2542 Calpurnia

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2542 Calpurnia
Discovery [1]
Discovered by E. Bowell
Discovery site Anderson Mesa Stn.
Discovery date 11 February 1980
Designations
MPC designation (2542) Calpurnia
Named after
Calpurnia (Julius Caesar's wife)[2]
1980 CF · 1972 XN2
1976 OE
main-belt · (outer)
Orbital characteristics[1]
Epoch 4 September 2017 (JD 2458000.5)
Uncertainty parameter 0
Observation arc 62.57 yr (22,854 days)
Aphelion 3.3624 AU
Perihelion 2.8997 AU
3.1311 AU
Eccentricity 0.0739
5.54 yr (2,024 days)
248.88°
0° 10m 40.44s / day
Inclination 4.6207°
145.71°
47.930°
Physical characteristics
Dimensions 20.854±0.281 km[3]
27.6±2.3 km[4]
0.0639±0.012[4]
0.102±0.007[3]
11.6[1]

2542 Calpurnia, provisionally designated 1980 CF, is an asteroid from the outer regions of the asteroid belt, approximately 25 kilometers in diameter. It was discovered on 11 February 1980, by American astronomer Edward Bowell at Anderson Mesa Station, Flagstaff, United States.[5] The asteroid was named after Julius Caesar's wife, Calpurnia.[2]

Orbit and characterization[edit]

Calpurnia orbits the Sun at a distance of 2.9–3.4 AU once every 5 years and 6 months (2,024 days). Its orbit has an eccentricity of 0.07 and an inclination of 5° with respect to the ecliptic.[1] In 1954, a first precovery was taken at the Palomar Observatory in California, extending the body's observation arc by 26 prior to its official discovery observation at Anderson Mesa.[5]

According to the surveys carried out by the Infrared Astronomical Satellite IRAS and NASA's Wide-field Infrared Survey Explorer with its subsequent NEOWISE mission, Calpurnia measures 27.6 and 20.854 kilometers in diameter, and its surface has an albedo of 0.0639 and 0.102, respectively.[4][3] It has an absolute magnitude of 11.6.[1]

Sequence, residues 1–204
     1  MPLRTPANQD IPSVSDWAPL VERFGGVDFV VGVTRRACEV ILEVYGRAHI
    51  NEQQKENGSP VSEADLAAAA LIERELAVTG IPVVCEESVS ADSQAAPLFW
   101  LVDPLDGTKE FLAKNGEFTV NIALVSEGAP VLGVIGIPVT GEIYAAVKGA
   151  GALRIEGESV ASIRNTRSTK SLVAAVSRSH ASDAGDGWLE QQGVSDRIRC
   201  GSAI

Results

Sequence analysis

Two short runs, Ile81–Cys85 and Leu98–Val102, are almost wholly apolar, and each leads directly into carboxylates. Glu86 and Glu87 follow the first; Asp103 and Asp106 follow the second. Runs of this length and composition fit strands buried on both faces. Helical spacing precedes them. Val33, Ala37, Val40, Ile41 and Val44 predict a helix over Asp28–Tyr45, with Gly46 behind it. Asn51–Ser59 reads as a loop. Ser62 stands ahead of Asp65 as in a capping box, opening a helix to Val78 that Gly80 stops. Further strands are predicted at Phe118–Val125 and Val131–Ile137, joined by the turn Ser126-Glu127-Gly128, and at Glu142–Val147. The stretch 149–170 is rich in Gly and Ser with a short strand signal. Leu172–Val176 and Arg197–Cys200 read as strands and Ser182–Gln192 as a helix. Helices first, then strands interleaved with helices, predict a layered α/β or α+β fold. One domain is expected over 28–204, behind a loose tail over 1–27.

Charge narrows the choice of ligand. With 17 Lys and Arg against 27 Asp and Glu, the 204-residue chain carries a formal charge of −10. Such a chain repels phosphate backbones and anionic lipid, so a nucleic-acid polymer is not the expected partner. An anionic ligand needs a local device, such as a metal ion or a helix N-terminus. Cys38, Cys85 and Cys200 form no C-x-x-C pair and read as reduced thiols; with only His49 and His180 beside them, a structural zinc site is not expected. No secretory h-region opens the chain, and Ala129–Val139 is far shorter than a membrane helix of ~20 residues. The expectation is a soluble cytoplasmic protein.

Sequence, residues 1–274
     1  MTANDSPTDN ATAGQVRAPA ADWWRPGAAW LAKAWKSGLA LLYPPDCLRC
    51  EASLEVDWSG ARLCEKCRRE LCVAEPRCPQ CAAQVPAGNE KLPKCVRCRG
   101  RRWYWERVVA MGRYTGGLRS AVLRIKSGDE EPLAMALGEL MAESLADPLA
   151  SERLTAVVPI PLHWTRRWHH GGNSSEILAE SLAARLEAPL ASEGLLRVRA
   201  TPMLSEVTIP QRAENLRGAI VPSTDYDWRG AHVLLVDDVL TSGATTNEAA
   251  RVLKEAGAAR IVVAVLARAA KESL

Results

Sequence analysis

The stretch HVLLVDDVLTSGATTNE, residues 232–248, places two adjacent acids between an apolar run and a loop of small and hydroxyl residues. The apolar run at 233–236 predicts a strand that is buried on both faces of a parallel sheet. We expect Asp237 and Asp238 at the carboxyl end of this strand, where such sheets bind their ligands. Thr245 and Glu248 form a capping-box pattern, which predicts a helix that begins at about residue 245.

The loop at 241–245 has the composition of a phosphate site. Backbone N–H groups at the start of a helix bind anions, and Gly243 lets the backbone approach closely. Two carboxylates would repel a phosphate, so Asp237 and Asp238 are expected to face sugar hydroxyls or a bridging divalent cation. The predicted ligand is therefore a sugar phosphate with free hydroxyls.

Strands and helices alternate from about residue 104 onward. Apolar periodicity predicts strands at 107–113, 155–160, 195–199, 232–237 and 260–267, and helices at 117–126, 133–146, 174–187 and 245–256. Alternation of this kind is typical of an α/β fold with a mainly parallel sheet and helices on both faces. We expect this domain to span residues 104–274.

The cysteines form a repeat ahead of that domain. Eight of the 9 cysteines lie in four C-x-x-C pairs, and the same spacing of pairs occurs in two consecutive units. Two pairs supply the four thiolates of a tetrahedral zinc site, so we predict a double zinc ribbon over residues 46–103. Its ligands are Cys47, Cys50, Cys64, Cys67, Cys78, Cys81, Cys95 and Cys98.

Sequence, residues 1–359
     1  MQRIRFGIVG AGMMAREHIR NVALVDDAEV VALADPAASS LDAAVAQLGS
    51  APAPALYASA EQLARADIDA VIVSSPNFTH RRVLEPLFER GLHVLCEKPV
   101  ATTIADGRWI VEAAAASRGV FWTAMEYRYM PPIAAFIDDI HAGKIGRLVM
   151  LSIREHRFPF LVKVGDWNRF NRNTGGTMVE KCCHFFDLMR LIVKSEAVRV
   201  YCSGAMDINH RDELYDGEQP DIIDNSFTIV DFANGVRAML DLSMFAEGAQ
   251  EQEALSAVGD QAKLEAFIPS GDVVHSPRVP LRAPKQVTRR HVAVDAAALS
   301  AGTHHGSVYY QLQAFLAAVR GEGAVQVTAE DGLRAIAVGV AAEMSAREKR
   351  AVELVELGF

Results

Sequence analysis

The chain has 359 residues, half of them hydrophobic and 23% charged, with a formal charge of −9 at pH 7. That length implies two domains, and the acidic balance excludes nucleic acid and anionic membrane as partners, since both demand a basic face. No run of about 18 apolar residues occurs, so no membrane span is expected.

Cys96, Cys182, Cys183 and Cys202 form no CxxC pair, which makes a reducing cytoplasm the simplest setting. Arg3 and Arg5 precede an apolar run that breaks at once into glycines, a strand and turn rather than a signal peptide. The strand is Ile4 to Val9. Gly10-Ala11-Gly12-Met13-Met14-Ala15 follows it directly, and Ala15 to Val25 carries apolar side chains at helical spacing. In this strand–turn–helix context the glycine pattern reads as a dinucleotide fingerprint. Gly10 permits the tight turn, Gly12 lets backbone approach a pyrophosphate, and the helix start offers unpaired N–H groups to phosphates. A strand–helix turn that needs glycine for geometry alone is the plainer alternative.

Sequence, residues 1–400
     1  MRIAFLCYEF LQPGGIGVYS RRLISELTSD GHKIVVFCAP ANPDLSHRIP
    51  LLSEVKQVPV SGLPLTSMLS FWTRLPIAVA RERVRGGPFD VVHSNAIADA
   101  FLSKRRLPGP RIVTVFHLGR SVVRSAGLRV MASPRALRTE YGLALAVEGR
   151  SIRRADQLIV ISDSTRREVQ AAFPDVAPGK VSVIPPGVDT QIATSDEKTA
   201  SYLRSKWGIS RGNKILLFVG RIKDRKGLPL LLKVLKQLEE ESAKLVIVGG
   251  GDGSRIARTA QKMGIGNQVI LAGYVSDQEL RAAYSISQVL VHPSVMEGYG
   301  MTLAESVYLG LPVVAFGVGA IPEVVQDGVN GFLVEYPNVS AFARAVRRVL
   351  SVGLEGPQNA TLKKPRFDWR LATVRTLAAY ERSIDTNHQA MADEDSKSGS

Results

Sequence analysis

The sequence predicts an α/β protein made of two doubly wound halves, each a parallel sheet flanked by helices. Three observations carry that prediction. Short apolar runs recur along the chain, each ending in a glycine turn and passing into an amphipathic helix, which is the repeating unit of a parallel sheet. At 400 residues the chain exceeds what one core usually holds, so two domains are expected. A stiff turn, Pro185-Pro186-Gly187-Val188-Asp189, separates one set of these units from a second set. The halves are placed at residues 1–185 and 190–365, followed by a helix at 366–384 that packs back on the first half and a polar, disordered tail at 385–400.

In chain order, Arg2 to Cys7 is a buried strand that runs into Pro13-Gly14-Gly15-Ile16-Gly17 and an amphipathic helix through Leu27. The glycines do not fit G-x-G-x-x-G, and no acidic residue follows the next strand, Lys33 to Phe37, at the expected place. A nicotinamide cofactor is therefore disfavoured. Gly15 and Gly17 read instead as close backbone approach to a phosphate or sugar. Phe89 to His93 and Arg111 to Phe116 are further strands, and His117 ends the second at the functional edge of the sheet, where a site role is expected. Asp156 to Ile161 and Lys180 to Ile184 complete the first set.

As of 2017, no rotational lightcurve has been obtained. The body's spectral type, as well as its rotation period and shape remain unknown.[1][6]

Naming[edit]

This minor planet was named after Calpurnia, the last wife of Julius Caesar.[2] The approved naming citation was published by the Minor Planet Center on 8 April 1982 (M.P.C. 6834).[7]

References[edit]

  1. ^ a b c d e f "JPL Small-Body Database Browser: 2542 Calpurnia (1980 CF)" (2017-01-27 last obs.). Jet Propulsion Laboratory. Retrieved 18 June 2017. 
  2. ^ a b c Schmadel, Lutz D. (2007). Dictionary of Minor Planet Names – (2542) Calpurnia. Springer Berlin Heidelberg. p. 208. ISBN 978-3-540-00238-3. Retrieved 18 June 2017. 
  3. ^ a b c Masiero, Joseph R.; Mainzer, A. K.; Grav, T.; Bauer, J. M.; Cutri, R. M.; Dailey, J.; et al. (November 2011). "Main Belt Asteroids with WISE/NEOWISE. I. Preliminary Albedos and Diameters". The Astrophysical Journal. 741 (2): 20. Bibcode:2011ApJ...741...68M. arXiv:1109.4096Freely accessible. doi:10.1088/0004-637X/741/2/68. Retrieved 18 June 2017. 
  4. ^ a b c Tedesco, E. F.; Noah, P. V.; Noah, M.; Price, S. D. (October 2004). "IRAS Minor Planet Survey V6.0". NASA Planetary Data System. Bibcode:2004PDSS...12.....T. Retrieved 8 December 2016. 
  5. ^ a b "2542 Calpurnia (1980 CF)". Minor Planet Center. Retrieved 18 June 2017. 
  6. ^ "LCDB Data for (2542) Calpurnia". Asteroid Lightcurve Database (LCDB). Retrieved 18 June 2017. 
  7. ^ "MPC/MPO/MPS Archive". Minor Planet Center. Retrieved 18 June 2017. 

External links[edit]